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Pest Control in Bealeton, VA
Snake activity picks up as temperatures fall in late summer and early autumn before they go into hibernation, which can be as early as September or as late as December. On warm days, snakes in brumation sometimes come out of their dens to bask in the sunshine.
Snakes are most active in the early mornings on spring and summer days when the sun is warming the earth. Snakes turn in for the evening, sleeping at night.
Generally, rattlesnakes emerge from hibernation in March or April, or when the average daytime temperatures reach and remain about 60 degrees Fahrenheit and higher. In warmer southern states, snakes often don’t go into hibernation, but brumation.
Snakes usually stay out of cold climates. Because the coldest temperature any snake can thrive in is around 65° Fahrenheit (18° Celsius), snakes normally live in the warmer temperate or tropical zones.
With cooler weather finally upon us, you may think that venomous copperhead snakes would be well on its way to hibernation. But this is simply not true. In fact, with the warmer weather we experienced and the ginormous amount of rainfall from the hurricanes, they are just as active as ever. What makes it worse is with all the fall colors of orange, red, and brown leaves start to turn and fall to the ground will make for excellent camouflage for snakes.
As a community we were all in disbelief when we heard about a local realtor waiting to have dinner with her family at a local restaurant in Fredericksburg, Virginia was bitten by a baby copperhead snake right at the door! This is something no one wants to have happened. If you take a look at the restaurant’s landscaping, you will see they had dense shrubbery which is a great hiding place for snakes. Copperheads are not only extremely hard to see, but they are also highly venomous. And, when bitten by these aggressive snakes, it is very painful. Copperheads are able to bite multiple times delivering deadly amounts of toxins into the skin. And if you have stepped on a snaked, it will be very difficult to remove as it will be angry and will have dug its teeth in rather deeply.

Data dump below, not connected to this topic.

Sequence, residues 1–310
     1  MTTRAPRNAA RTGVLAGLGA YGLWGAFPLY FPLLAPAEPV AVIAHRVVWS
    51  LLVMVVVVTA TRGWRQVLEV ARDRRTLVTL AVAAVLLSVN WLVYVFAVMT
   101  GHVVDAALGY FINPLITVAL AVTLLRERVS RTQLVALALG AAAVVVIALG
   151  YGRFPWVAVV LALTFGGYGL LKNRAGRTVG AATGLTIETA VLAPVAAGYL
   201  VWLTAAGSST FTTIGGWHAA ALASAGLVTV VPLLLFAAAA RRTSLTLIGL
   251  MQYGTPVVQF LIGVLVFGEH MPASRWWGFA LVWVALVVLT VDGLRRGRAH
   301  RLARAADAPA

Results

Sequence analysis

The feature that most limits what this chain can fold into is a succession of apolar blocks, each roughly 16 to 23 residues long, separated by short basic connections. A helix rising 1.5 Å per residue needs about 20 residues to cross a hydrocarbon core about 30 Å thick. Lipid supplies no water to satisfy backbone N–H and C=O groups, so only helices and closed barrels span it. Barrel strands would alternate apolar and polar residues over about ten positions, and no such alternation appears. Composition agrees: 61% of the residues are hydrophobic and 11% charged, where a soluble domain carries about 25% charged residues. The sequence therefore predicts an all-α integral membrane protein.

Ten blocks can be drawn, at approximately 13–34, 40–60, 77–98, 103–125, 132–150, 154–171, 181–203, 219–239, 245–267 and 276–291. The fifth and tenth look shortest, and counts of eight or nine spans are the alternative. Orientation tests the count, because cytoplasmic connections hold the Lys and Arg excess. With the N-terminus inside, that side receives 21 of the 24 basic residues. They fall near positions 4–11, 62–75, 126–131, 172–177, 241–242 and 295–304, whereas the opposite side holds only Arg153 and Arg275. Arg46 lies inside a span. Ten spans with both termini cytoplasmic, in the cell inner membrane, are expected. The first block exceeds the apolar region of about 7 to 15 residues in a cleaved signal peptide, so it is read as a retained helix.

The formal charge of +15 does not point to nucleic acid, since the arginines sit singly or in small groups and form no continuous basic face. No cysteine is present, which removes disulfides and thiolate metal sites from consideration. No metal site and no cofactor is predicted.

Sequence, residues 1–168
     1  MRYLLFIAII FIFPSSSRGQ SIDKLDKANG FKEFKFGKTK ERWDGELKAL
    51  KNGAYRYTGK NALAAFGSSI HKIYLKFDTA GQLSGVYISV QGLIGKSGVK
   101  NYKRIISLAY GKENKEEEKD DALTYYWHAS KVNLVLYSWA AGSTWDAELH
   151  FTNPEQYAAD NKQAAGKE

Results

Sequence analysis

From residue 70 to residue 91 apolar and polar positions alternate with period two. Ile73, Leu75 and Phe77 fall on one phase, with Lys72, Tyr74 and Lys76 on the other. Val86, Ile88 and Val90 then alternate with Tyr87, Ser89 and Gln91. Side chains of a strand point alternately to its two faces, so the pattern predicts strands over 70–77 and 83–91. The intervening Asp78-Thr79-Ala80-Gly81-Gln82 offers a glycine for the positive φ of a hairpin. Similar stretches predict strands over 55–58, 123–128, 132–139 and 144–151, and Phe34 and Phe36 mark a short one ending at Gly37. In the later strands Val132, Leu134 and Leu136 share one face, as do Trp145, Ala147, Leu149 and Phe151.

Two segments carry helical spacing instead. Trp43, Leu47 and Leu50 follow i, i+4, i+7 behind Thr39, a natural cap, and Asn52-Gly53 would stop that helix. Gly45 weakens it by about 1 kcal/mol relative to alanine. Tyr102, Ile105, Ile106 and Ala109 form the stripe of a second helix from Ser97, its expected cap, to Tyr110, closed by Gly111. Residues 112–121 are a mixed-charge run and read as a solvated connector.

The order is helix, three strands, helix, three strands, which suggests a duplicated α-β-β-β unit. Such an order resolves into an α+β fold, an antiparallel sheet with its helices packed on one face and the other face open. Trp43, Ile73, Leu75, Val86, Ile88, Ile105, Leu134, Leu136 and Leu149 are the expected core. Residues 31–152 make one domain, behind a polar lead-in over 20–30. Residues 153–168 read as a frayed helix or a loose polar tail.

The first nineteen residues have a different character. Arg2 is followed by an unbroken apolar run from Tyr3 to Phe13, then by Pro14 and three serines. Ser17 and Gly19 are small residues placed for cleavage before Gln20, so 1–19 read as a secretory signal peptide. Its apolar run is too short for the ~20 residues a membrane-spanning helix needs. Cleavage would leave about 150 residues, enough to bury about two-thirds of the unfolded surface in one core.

What do you do first when you suspect you’ve been bitten by a poisonous snake? First, try and identify the species of snake. This is crucial to your treatment and health. What you need to remember is that even non-venomous snakes that bite and puncture the skin can cause an allergic reaction and may need medical attention. You may need a beta blocker that prevents itching or a steroid to reduce swelling and inflammation.
So, please watch where you are stepping and wear proper hiking shoes when walking through the woods. Another step you can take is to keep fallen leaves raked up around your home. Keep your yard free of debris and wood piles as neat as possible and far from the actual dwelling. And if you are to encounter a snake, please stay calm, do your best to identify the snake and give Summit Environmental Solutions a call at 703-520-5868 and we will come out and evaluate the situation. Our experts are certified in these types of encounters and will know what to do for you. We will protect your family and pets.